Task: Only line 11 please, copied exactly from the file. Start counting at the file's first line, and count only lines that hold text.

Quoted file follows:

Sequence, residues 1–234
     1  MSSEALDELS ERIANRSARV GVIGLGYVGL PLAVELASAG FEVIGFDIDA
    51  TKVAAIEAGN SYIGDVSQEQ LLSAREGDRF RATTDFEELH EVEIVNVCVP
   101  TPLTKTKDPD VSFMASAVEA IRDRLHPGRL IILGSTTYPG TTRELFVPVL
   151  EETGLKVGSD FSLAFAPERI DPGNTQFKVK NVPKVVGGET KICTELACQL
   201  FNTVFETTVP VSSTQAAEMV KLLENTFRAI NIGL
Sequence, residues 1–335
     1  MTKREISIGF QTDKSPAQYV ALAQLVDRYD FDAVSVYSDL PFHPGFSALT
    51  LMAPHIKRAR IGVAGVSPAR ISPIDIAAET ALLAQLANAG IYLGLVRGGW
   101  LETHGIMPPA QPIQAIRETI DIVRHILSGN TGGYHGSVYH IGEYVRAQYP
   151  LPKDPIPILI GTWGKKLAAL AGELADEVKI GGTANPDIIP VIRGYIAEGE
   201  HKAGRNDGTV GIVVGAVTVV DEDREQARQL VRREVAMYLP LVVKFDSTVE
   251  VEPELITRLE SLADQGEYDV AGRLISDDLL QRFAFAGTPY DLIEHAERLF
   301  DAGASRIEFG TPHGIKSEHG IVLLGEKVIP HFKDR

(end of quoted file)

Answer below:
   151  LPKDPIPILI GTWGKKLAAL AGELADEVKI GGTANPDIIP VIRGYIAEGE